Last year, with the due date of our second baby looming, we decided to employ an au pair. I was going to be off work on maternity leave for about a year, but we wanted to keep our two-and-a-half-year-old in nursery (a 30 minute Tube ride away) and the thought of schlepping a toddler and a newborn across London on my own, or the alternative – being at home solo with two small children and their demands to deal with 24/7 – left me quaking. We liked the idea of the flexibility (not to mention free babysitting) that an au pair would bring, and as we had a spare room it seemed worth a go.
We signed up to aupair-world.co.uk, posted a profile of ourselves as a family (Mummy, Daddy, extremely talkative two-and -a-half-year-old), explained that we wanted someone calm, flexible and friendly who could cope with the chaos, and embarked upon a series of online and Skype interviews that led to the arrival of Julie from Holland.
“My house was tidier and I was less stressed… we all cried when she left”
She was wonderful. Within weeks, my mad moments of scrambling (read: lumbering) from work to collect our son from nursery before it closed had disappeared. My house was tidier, and I was less stressed. Julie stayed with us for 10 months and we all cried when she left. Two months later, Elin from Sweden arrived and, so far, so good.
A quick internet search on “au pairs” throws up a myriad of options: advice websites, agencies, discussion forums. Where to start? The process – as we found – can be daunting. After all, you’re basically inviting a stranger to come and live in your home and become part of your family.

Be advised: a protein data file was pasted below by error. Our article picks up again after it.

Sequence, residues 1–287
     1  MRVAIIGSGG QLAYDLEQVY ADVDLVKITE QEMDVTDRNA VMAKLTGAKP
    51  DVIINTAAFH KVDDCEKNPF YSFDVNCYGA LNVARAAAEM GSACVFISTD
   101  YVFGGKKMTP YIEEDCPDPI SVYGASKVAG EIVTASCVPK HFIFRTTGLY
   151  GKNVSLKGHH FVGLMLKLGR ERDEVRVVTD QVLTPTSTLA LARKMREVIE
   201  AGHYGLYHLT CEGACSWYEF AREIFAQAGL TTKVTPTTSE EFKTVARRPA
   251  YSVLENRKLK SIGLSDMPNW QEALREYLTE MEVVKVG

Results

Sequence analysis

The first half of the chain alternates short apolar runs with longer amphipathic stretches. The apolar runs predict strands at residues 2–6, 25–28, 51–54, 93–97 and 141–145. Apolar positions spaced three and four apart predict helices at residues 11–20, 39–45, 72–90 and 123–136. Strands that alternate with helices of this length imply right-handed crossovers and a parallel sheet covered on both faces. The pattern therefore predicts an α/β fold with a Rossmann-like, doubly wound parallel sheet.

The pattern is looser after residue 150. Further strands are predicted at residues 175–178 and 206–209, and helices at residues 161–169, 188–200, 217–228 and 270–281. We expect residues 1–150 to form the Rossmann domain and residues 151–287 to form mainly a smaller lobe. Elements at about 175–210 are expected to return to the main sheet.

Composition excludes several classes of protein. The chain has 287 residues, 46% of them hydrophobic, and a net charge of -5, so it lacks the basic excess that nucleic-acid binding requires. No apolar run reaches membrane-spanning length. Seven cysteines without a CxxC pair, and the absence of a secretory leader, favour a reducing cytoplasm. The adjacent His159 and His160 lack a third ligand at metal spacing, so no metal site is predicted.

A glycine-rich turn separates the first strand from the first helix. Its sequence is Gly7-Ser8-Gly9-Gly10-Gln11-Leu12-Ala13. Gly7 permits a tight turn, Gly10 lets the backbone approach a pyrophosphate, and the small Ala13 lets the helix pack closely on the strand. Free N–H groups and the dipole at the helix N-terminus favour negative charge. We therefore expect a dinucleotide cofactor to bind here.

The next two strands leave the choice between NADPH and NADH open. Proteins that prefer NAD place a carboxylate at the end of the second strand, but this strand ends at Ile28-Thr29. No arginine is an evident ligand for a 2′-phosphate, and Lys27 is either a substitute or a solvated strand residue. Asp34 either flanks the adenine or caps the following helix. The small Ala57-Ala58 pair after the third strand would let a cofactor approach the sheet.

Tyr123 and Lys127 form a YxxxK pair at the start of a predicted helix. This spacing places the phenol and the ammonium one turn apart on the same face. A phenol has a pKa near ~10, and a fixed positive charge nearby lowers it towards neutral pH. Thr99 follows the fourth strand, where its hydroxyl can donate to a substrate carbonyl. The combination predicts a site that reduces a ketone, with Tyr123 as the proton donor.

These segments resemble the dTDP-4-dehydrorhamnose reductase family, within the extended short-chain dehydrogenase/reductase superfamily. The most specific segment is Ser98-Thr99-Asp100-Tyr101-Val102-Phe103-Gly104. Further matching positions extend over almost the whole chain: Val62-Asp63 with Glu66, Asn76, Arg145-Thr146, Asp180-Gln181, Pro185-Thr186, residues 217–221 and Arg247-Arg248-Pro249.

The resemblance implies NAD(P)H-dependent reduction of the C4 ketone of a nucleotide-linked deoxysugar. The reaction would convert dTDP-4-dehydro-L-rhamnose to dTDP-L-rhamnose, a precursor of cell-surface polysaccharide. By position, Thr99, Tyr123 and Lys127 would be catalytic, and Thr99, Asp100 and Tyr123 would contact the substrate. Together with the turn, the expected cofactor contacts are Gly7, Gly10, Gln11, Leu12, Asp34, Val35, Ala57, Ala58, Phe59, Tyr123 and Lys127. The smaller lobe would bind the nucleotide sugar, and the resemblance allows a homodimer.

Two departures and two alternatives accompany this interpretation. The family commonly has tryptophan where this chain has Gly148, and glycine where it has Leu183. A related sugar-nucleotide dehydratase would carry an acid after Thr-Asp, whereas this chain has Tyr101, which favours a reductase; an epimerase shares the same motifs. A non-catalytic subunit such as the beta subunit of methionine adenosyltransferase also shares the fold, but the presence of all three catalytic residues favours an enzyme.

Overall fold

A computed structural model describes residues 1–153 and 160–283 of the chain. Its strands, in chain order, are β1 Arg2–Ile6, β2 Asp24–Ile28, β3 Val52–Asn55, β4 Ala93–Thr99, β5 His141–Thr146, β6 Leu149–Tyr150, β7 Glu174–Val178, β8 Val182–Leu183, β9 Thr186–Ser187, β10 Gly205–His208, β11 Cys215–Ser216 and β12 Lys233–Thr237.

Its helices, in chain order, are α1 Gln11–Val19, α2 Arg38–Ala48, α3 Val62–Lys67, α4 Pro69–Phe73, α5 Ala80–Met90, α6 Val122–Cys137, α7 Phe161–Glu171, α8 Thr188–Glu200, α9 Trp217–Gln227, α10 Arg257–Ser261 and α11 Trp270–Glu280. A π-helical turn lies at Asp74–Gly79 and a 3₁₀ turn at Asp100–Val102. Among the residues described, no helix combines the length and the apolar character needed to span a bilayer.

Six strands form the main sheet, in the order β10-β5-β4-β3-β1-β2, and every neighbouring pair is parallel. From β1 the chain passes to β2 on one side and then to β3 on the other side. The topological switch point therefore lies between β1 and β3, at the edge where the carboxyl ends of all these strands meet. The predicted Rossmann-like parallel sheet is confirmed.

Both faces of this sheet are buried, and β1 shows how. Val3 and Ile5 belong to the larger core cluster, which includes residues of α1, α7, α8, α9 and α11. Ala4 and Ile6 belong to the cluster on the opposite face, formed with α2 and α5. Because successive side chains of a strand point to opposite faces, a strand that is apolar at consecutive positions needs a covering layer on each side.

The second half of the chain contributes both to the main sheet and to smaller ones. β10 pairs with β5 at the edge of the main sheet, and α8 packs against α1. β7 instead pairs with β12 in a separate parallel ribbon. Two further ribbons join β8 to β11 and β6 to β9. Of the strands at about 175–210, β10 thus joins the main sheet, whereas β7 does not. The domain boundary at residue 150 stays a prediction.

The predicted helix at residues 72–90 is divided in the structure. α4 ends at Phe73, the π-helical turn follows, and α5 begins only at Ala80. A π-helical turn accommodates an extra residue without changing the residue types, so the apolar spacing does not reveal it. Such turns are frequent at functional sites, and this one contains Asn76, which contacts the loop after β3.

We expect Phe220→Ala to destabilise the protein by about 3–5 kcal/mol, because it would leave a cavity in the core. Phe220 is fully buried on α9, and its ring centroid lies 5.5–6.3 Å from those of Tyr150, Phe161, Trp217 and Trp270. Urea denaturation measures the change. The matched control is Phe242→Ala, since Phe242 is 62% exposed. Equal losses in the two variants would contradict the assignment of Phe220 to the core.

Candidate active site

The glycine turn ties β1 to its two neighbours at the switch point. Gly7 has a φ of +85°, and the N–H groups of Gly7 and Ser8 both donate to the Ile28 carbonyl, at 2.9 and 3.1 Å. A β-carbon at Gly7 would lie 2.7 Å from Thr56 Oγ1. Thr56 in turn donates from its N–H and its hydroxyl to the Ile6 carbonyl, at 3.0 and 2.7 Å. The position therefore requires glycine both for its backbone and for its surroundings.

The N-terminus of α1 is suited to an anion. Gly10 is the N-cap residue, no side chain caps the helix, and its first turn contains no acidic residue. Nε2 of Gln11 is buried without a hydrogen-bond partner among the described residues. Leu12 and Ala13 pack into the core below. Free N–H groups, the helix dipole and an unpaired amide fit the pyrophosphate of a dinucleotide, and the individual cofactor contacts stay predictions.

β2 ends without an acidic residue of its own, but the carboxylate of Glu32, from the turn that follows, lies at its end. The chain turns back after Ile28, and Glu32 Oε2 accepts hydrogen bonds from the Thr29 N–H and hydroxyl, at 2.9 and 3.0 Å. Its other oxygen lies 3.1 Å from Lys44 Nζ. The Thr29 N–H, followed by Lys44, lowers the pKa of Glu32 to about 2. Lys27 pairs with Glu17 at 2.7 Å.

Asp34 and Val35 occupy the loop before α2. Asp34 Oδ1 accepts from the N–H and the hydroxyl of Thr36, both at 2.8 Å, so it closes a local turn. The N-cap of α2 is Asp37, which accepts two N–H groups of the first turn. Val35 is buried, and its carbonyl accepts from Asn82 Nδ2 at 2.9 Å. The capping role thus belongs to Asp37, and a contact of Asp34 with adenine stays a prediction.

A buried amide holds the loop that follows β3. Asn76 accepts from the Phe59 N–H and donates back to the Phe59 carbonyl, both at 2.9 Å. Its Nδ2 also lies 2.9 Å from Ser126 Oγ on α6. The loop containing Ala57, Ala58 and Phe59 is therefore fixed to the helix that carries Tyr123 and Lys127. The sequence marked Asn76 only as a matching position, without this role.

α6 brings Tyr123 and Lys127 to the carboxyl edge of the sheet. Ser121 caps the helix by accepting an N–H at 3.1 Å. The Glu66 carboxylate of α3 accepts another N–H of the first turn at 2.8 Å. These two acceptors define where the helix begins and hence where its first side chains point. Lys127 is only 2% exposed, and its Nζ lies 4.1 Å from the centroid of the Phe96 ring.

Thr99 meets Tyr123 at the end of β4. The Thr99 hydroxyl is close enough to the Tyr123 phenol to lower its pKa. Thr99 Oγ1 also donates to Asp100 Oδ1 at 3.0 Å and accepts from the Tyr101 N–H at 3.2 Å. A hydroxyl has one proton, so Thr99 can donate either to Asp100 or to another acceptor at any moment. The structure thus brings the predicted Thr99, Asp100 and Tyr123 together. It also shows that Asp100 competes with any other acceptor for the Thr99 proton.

Here are our top tips on hiring an au pair:
- Your au pair is not a cheap nanny. Generally speaking, they work between 25 and 35 hours a week, plus a couple of nights’ babysitting, for between £70-£100 in “pocket money”, and are not supposed to be in sole continuous charge of children under two (for more info see below)
- We used aupair-world.co.uk – basically a dating website for families and au pairs where both parties create an online profile. The site offers suggested matches and either party can get in touch. Agencies, meanwhile, put you in touch with candidates that have already been vetted. The BAPAA (British Au Pairs Agencies Association) has a list of members on its website (bapaa.org.uk). Recommendations from friends can work – although remember that if someone is getting rid of their au pair, it may be because there’s been a problem, and if something does go wrong, it could sour a friendship.